- 25 ps single-shot time resolution
- 1.3 GHz maximum frequency measurement
- 1 nHz frequency resolution
- 0.001° phase resolution
- Statistical analysis & allan variance
- Sample size from 1 to 1 million
- Graphical output to XY scopes
- Hardcopy to printers and plotters
- GPIB and RS-232 interfaces
- Optional ovenized timebase
Lambda Exclusive Promotion:
Additional 12 months warranty for free (2 years total) via our UK Service Centre.
The Stanford Research Systems SR620 Time Interval Counter performs practically all the time and frequency measurements required in the laboratory or ATE environment. The instrument's high single-shot timing resolution, low jitter, and outstanding flexibility make it the counter of choice for almost any application.
You can measure time intervals with 25 ps rms resolution, making the SRS SR620 one of the highest resolution counters available. Time intervals up to ±1000 seconds can be measured with 50 ps relative accuracy, and 500 ps absolute accuracy.
The SR620 also measures frequency (up to 1.3 GHz), pulse-width, rise and fall time, period, and phase. Frequency can be measured with gates from 1 µs to 500 s, making the SR620 suitable for applications as varied as the measurement of short-term phase locked loop jitter, to the study of the long-term drift of atomic clocks. Up to 11 digits of frequency resolution for a 1 s measurement are provided. All measurement modes are supported by a wide variety of flexible arming and triggering options.
Complete Statistical Calculations
Statistics are automatically calculated on sample sizes from one to one million. The mean, standard deviation, Allan variance, minimum or maximum, can all be displayed on the front panel or quickly dumped to your computer via the standard GPIB and RS-232 interfaces.
Graphics and Hardcopy
Unlike conventional counters that only have numeric displays, the SR620 provides live, graphical displays of measurement results. Histograms and stripcharts can be displayed on any oscilloscope with an X-axis input, or output to HP-GL compatible plotters and dot-matrix printers. Convenient on-screen cursors and display annotation facilitate the analysis of measured data.
Time: In its most basic measurement mode, the SR620 measures the time interval between a start and a stop pulse. Either of the SR620's two inputs, or its REF output may be selected as the source of start and stop pulses. Internal and external gating signals can be used to holdoff the acceptance of either start or stop pulses. The SR620 can make both positive time measurements, (in which the stop pulse follows the start pulse), or negative time measurements (in which the stop pulse occurs before the start pulse).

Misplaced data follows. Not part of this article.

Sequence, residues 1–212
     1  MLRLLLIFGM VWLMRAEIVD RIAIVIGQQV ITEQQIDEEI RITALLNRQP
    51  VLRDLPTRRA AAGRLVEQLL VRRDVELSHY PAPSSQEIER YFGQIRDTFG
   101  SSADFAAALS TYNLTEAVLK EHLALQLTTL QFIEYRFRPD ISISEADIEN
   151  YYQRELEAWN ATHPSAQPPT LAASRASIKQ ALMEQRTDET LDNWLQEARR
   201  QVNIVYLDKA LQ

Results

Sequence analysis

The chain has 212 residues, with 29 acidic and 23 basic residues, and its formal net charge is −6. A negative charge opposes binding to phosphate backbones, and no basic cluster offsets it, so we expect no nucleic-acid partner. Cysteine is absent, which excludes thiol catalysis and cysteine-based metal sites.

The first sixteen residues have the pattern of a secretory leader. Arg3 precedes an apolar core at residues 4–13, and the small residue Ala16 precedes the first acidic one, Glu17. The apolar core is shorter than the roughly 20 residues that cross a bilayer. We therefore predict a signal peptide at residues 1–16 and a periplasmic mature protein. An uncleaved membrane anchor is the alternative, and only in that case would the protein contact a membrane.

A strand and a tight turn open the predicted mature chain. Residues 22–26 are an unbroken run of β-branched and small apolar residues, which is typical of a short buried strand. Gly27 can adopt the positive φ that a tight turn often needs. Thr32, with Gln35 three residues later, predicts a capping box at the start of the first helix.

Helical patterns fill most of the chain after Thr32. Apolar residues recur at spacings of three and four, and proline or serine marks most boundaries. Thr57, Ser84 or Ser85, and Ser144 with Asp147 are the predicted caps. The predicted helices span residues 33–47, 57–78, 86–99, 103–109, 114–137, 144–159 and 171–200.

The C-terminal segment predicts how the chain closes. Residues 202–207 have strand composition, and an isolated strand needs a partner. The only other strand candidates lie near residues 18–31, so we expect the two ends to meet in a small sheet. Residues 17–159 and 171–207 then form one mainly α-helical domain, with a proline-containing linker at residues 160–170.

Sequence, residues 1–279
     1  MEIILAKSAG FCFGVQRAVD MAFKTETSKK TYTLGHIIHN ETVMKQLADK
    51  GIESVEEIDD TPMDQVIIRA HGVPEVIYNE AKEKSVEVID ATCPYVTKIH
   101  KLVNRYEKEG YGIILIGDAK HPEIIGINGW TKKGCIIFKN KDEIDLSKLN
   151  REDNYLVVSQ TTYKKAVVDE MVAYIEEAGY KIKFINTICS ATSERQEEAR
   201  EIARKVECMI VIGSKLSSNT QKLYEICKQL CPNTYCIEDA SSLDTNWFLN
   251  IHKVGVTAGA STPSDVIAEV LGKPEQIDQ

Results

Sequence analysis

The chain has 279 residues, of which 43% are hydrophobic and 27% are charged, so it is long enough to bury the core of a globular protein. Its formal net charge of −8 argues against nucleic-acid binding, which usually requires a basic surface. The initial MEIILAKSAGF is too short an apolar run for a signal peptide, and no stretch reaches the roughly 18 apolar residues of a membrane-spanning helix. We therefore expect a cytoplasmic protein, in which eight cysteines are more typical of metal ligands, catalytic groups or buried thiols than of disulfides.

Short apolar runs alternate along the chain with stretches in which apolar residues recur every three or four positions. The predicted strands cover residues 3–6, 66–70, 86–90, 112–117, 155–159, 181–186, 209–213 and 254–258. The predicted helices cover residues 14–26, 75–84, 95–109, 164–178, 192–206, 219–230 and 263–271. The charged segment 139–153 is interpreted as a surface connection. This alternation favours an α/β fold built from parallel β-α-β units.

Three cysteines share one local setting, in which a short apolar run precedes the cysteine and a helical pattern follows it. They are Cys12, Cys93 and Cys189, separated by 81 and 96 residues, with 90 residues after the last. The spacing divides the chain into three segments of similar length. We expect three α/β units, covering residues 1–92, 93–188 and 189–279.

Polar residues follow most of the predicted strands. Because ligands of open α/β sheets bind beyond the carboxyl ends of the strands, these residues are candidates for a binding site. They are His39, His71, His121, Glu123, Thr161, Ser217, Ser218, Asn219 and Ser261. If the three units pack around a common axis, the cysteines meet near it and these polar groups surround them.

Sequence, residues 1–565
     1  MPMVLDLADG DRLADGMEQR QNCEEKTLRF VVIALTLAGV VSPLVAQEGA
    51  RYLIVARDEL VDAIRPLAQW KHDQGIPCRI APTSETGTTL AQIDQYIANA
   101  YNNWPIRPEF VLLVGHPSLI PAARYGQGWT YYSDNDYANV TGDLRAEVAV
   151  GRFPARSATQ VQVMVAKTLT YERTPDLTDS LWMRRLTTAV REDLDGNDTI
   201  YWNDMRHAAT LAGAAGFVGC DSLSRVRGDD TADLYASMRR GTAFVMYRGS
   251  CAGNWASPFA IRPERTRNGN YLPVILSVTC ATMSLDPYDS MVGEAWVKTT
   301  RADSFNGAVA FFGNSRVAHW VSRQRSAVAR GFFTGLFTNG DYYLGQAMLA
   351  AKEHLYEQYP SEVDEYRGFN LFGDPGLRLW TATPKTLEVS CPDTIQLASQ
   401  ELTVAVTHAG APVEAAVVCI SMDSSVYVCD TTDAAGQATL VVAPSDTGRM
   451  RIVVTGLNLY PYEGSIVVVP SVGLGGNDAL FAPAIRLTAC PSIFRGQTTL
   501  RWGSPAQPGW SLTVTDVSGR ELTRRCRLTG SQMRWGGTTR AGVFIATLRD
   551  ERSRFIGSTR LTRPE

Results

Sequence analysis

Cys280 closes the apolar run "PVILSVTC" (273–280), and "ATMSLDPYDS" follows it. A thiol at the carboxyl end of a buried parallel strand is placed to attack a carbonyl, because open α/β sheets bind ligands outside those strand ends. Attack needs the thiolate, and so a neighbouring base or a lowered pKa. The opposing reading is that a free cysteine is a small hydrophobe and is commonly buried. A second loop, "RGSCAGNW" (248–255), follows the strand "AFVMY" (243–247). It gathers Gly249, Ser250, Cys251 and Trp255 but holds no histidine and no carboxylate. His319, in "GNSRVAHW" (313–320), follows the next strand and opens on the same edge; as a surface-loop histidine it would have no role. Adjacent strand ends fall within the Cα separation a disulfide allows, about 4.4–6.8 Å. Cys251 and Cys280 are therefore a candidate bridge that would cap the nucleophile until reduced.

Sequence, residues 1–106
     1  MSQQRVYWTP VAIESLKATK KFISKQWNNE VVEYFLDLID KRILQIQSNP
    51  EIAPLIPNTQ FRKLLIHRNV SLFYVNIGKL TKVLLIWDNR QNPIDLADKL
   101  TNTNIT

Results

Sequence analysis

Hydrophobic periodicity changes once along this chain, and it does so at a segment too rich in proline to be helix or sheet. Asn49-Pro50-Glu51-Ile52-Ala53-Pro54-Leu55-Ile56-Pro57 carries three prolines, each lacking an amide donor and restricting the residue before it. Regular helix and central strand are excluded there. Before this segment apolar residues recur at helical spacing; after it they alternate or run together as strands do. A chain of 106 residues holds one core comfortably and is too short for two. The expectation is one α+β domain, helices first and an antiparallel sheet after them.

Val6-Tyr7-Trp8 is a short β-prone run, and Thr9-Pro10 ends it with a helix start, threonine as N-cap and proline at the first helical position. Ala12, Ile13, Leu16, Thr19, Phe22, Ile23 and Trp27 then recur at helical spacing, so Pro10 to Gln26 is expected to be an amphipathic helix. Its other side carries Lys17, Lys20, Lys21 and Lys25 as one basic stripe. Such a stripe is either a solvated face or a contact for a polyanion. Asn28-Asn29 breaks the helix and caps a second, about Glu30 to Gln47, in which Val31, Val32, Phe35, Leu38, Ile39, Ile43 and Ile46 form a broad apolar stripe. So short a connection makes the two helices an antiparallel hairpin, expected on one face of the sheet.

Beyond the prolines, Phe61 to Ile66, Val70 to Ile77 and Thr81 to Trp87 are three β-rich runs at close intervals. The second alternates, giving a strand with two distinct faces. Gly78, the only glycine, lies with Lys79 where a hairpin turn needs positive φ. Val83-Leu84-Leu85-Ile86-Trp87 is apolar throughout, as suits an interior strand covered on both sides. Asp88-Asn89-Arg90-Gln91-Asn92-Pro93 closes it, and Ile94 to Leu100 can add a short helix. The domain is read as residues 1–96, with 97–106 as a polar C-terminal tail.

Frequency: The SR620 measures frequency by the reciprocal frequency counting technique. In other words, the instrument measures the time interval for some integer number of input cycles, then computes frequency by dividing the number of cycles by the time interval. Since no fractional cycle measurements are involved (as would be the case if the instrument measured the number of cycles in a fixed time interval), extremely high frequency resolution can be achieved with up to 11 digits for a 1 second gate. The diagram below illustrates this method of computing frequency. Fixed and scanning internal gates are provided, or the gate can be triggered externally, or delayed by an adjustable amount from an external trigger.
Pulse Width: The width of pulses at either input can be measured. Separate start and stop voltages can be selected for pulse width measurements. Resolution and accuracy are the same as time measurement mode.
Transition Time: Rise and fall times of either input may be measured. Start and stop thresholds may be set between ±5 V with 10 mV resolution. The 350 MHz input bandwidth allows measurements of rise and fall times as small as 1 ns.
Period: The SR620 can also measure the period of waveforms. Period is measured similarly to frequency, but the reciprocal of frequency is computed and displayed.
Phase: The phase angle between signals on the A and B input can be measured with 0.001 degree resolution. You can measure the phase of signals (at the same frequency) from 0.001 Hz to 100 MHz in frequency. The counter actually makes two measurements: a frequency measurement of one channel, and a time measurement of the delay of the second channel with respect to the first. The phase is then computed as shown below.